Similarly, China has chosen to push the LAC further West up to Finger Four on the Northern bank of Pangong Tso by physical occupation which was not done so far. On southern bank, they tried to capture the heights but Indian forces pre empted their moves putting them on back foot. India has also redeployed their forces on higher reaches on the Northern banks also to put a spanner in Chinese plans.
China has been halted in their plans to unilaterally alter the status of the LAC with the timely Indian responses making their job difficult. China has been playing mind games in the hope that India will blink to avoid possibility of military confrontation in Ladakh, or elsewhere. In that, China has racked up the issue of 1959 claim line alongside asserting their claim over Arunachal Pradesh, a political prompt as suggested in the quid pro quo swap concept of 50s.
A well orchestrated psychological warfare is on since long to shape the Chinese narrative. China has been issuing threats of punitive actions of exponential scale in case India does not fall in line. Attempts have been made to create a dissent amongst the troops against the officers and the political leadership. They have also gone to the extent of portraying China as a victim of Indian aggressive attitude and yet they are magnanimous enough to sort out the matter in a peaceful manner.
Chinese leadership is obviously is in a fix and desperately looking for a way out to save their face internationally as well as with their own domestic constituency. Accordingly, China is unlikely to move back till the time they either manage to achieve some tactical success, or tire out India with prospects of continued deployment through the harsh winters. The ongoing talks at diplomatic and military levels are being used as a mechanism to buy time with seemingly no inclination to disengage and de escalate easily. Indian stand is that ‘you came first, so you withdraw first’ in a verifiable manner back to pre 22 April status of location and level of troops.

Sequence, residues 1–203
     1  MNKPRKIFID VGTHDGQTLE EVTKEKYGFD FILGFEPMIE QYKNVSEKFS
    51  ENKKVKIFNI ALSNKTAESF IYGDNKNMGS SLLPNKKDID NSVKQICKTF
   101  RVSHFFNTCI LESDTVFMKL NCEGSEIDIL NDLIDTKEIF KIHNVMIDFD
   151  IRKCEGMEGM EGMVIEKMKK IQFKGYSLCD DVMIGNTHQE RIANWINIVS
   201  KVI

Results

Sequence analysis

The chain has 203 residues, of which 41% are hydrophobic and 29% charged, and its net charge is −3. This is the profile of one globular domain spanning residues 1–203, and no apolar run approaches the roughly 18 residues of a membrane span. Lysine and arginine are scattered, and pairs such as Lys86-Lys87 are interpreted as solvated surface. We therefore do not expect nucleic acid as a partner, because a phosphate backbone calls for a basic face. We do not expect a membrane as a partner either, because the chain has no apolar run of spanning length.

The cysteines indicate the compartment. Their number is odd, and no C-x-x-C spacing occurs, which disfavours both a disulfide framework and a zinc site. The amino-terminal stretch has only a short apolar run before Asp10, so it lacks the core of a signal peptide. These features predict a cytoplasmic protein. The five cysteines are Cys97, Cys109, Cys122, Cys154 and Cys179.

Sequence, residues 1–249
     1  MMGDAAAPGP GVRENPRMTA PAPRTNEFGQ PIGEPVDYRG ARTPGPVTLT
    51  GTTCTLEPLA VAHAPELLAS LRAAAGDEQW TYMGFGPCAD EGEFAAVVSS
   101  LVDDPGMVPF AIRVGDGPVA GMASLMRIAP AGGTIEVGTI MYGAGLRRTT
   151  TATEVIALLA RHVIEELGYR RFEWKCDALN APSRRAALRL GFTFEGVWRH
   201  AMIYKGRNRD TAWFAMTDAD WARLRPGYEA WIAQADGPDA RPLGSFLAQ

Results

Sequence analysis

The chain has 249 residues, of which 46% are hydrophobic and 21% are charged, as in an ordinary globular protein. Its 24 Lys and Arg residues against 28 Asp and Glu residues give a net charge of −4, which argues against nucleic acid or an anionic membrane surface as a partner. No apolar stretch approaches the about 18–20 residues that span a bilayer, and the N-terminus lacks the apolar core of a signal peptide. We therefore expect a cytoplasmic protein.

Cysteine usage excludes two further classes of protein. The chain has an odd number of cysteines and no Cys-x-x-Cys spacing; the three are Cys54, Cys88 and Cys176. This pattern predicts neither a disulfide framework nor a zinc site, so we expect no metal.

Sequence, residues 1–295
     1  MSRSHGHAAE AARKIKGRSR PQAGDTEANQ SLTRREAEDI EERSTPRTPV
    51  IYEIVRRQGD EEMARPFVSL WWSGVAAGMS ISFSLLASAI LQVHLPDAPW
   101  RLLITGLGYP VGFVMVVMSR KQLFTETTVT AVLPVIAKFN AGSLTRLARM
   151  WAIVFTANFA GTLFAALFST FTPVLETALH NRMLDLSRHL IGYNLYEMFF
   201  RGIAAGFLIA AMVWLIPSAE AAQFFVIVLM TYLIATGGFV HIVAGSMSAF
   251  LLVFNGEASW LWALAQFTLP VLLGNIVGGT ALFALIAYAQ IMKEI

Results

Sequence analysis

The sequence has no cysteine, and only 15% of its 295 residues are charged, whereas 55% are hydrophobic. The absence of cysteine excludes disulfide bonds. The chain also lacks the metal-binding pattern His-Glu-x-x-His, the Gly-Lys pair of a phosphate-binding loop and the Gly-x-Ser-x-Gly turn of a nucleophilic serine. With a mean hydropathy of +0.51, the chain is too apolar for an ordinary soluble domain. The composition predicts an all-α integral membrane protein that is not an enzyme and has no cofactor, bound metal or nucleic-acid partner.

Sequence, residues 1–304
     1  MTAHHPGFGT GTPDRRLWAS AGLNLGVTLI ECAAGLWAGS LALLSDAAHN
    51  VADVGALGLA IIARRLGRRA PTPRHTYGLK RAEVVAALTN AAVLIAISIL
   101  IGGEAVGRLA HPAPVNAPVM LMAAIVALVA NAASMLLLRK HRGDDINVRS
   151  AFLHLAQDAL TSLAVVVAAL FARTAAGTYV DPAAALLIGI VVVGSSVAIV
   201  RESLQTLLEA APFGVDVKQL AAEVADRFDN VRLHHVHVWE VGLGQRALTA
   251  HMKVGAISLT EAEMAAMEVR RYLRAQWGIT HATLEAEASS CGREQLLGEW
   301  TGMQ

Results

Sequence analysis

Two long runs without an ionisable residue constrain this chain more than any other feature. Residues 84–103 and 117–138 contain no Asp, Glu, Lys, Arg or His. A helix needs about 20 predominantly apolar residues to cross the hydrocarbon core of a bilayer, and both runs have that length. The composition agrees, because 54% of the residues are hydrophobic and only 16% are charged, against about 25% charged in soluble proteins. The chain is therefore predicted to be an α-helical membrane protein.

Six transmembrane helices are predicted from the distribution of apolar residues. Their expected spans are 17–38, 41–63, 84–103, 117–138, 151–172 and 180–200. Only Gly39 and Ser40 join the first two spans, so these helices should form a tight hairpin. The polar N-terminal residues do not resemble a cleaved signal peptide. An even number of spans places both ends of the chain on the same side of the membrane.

China clearly intends to dominate India through military coercion so as to make India fall in line and modify her political conduct in sync with Chinese interests.
In view of foregoing, what possibly is China looking at by all the military show that they have orchestrated over last five months plus? China clearly intends to dominate India through military coercion so as to make India fall in line and modify her political conduct in sync with Chinese interests. In that, the emerging politico-military alliance of India with the US with potential of economic strangulation in the Indo-Pacific is one of the main concerns of China.
As regards to CPEC, China fears that India may get further emboldened enhancing threat quotient once the strategic hydraulics as part of QUAD sets in. Accordingly , force India to wean away from US influence, create no hindrance to CPEC project and refrain from anti Chinese overtures in the IOR are the possible immediate political objectives in Chinese basket. On the territorial issues , accept the new version of LAC as configured by the China and concur to Chinese claims elsewhere on Indo- Tibet border. China appears to be looking at converting LAC into international boundary as evident from their rhetoric of 1959 claim line as their bench mark for political dialogue, a carryover narrative of territorial swap concept. Besides above, India is expected to maintain minimal border forces and go by the border management rules as dictated by China.
China may also be looking at their economic expansion by insisting on opening up restrictive regime of Indian markets, besides go along China on WTO, climate change, South China Sea claims, cyber and space control mechanism and other international issues.